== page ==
Tissot's: The Visitation
I love the scene of Mary's visit to her cousin Elizabeth. I love it for the charity it displays in Mary forgetting herself and rushing to her cousin's side. I also love the joy displayed by these two women, both expecting a child at an unexpected time in their lives.
Today's feast of the Visitation also holds great meaning for me personally. It was eight years ago on this day that I accepted Christ's invitation to return to Him. As the years go by and I reflect on this invitation, I see that Our Lady had a great deal to do with my accepting that invitation from her Son, but her visitation was a subtle one because I think she knew I would be "scared off" by anything too strong.
In those initial days after saying yes, I found myself praying the Rosary quite often. I found strength and comfort in it, I still do. Eventually it was as if I heard her say to me, "Let my Son heal you." It would be three more months before I would find the courage to accept that invitation.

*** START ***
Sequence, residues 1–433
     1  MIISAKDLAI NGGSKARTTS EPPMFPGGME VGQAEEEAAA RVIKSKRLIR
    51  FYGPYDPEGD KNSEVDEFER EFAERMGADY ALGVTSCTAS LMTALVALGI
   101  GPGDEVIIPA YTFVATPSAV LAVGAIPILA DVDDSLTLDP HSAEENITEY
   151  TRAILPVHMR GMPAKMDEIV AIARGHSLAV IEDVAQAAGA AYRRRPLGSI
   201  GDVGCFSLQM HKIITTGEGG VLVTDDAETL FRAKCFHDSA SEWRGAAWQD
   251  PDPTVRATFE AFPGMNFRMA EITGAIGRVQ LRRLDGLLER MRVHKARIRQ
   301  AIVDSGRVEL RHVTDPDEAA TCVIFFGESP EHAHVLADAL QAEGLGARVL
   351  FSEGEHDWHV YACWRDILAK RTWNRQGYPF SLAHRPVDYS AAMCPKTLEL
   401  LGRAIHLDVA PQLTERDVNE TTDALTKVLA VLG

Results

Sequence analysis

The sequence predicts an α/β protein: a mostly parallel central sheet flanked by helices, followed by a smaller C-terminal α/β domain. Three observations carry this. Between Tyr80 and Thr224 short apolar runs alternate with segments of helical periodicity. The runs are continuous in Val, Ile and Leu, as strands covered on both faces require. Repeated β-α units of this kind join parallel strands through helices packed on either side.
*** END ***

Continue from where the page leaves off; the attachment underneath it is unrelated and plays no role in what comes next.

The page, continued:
When I finally did find the courage to seek healing, this Biblical scene of the Visitation would again play a role. When I made the call to register for a Rachel's Vineyard retreat, I was told that part of the healing process would be that I would name the child I had aborted. All I could think was that I have no idea if this child was a girl or boy. I was praying the Joyful Mysteries, the Visitation to be precise, when the name Elizabeth Anne seemed to fall from the sky. Yet again Our Lady obtained the grace I needed.
As the years progress and my healing continues, Mary continues to hasten to my side in the soft and subtle manner in which I have become accustomed . She continues to bring her Son to me and me to her Son. I have taken her motherly advice and allowed her Son to heal me, and in doing so, the child I once allowed to die is now alive and leaps within my heart and soul.